1967 Year in Review

Sino-Soviet Split

Published: 1967
Play Audio Archive Story - UPI

Announcer: In 1967, the rift between Russia and Red China was intensified, and they made no attempt to hide the feud. Radio Moscow had this comment.

Radio Moscow: "The Soviet Union has warned China, they reserve the rights to take any 5:36 steps necessary, unless China ensures the right and of public citizens."

Announcer: Charges and countercharges between Peking and Moscow almost led to a break in diplomatic relations.

If Mao lost any sleep in 1967, it was because of his countryï?½s internal unrest, and not the feud with Russia. This unrest which led to purges of Mao's dissenters, didnï?½t help to get them into the United Nations this past year. Neither did the fact that they exploded their first hydrogen bomb.

A move to seat them in the United Nations failed again; the move has failed since 1950. While relations with the two giants of communism teetered, Russia and the United States took action to cement their relationship. Although there was stiff congressional opposition to it, a councilor treaty between Moscow and Washington was passed.

A space treaty was agreed to by the United States, the Soviet Union, and 60 other nations. The treaty limits military activities in space. Signing the treaty for Russia at the White House was their Ambassador, Anatoly Dobrynin.

Anatoly Dobrynin: "Outer space presents a new great challenge to mankind. International cooperation in this field, on the basis of equality provided for in the treaty will allow all countries to actually participate in the peaceful exploration and use of outer space."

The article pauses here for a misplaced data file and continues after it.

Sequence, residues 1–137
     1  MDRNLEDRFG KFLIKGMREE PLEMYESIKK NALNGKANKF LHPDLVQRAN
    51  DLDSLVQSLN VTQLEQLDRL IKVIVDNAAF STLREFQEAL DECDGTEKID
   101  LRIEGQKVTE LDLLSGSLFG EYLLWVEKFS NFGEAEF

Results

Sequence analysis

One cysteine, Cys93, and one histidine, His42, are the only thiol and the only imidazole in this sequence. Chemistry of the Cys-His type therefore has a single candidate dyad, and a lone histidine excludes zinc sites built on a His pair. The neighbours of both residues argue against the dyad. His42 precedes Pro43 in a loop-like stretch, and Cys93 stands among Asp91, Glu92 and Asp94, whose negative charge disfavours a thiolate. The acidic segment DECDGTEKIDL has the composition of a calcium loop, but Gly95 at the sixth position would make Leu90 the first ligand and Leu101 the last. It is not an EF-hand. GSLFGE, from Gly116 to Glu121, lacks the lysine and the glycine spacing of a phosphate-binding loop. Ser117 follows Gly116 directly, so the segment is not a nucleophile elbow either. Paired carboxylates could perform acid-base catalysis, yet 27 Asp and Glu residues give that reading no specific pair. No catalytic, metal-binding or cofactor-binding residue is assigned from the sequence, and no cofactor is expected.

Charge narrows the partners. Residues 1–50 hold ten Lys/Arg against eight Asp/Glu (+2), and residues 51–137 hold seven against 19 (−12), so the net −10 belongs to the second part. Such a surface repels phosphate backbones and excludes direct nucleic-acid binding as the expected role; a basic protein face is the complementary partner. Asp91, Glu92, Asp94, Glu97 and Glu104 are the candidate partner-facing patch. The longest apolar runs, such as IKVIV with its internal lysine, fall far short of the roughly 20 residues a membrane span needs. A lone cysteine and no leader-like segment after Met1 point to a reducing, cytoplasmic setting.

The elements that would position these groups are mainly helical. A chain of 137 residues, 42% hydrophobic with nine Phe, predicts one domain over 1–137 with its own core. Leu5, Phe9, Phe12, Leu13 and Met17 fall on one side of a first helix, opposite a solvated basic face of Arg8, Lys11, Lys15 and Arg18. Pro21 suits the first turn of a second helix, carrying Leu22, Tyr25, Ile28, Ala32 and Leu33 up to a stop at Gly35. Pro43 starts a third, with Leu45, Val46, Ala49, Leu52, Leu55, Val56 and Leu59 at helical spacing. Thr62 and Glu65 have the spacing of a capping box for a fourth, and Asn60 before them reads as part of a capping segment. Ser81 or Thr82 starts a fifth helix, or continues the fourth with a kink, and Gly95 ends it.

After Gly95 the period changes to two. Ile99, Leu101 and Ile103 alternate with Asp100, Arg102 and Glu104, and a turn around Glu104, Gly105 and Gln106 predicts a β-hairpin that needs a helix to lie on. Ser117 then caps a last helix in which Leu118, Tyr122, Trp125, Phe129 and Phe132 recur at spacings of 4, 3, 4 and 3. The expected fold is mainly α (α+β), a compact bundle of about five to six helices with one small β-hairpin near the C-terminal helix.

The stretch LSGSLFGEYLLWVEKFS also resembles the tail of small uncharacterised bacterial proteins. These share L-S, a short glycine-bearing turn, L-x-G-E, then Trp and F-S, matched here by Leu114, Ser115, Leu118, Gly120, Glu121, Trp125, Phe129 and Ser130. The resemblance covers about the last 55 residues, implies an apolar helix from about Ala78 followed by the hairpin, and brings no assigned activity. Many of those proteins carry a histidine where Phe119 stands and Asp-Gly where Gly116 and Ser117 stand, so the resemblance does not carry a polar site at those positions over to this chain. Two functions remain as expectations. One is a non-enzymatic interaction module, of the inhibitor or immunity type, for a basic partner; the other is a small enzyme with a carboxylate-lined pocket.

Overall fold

Announcer: The District Attorney of New Orleans, Louisiana, became an internationally known figure when he decided to launch his own investigation of the assassination of President Kennedy. District Attorney James Garrison tells why.

James Garrison: "We began looking in to the question of a possible role of individuals in the City of New Orleans with regard to what ended up as the assassination of President Kennedy. When I began studying this out of curiosity, some of the material written about the Warren Commission Report."

Announcer: Despite criticism from many sources, Garrison is determined to continue his investigation.

Continuing too is the race to the moon, but the efforts by the United States and Russia came to a tragic halt early in 1967. This was the announcement from Cape Kennedy.

Unknown Speaker: "A fire broke out, there has been a fatality, we do not know who it is yet. We are waiting on word now from the Cape."

Announcer: The complete story of space, tragedy, failure, success, coming up next on United Press International's 1967 In Review.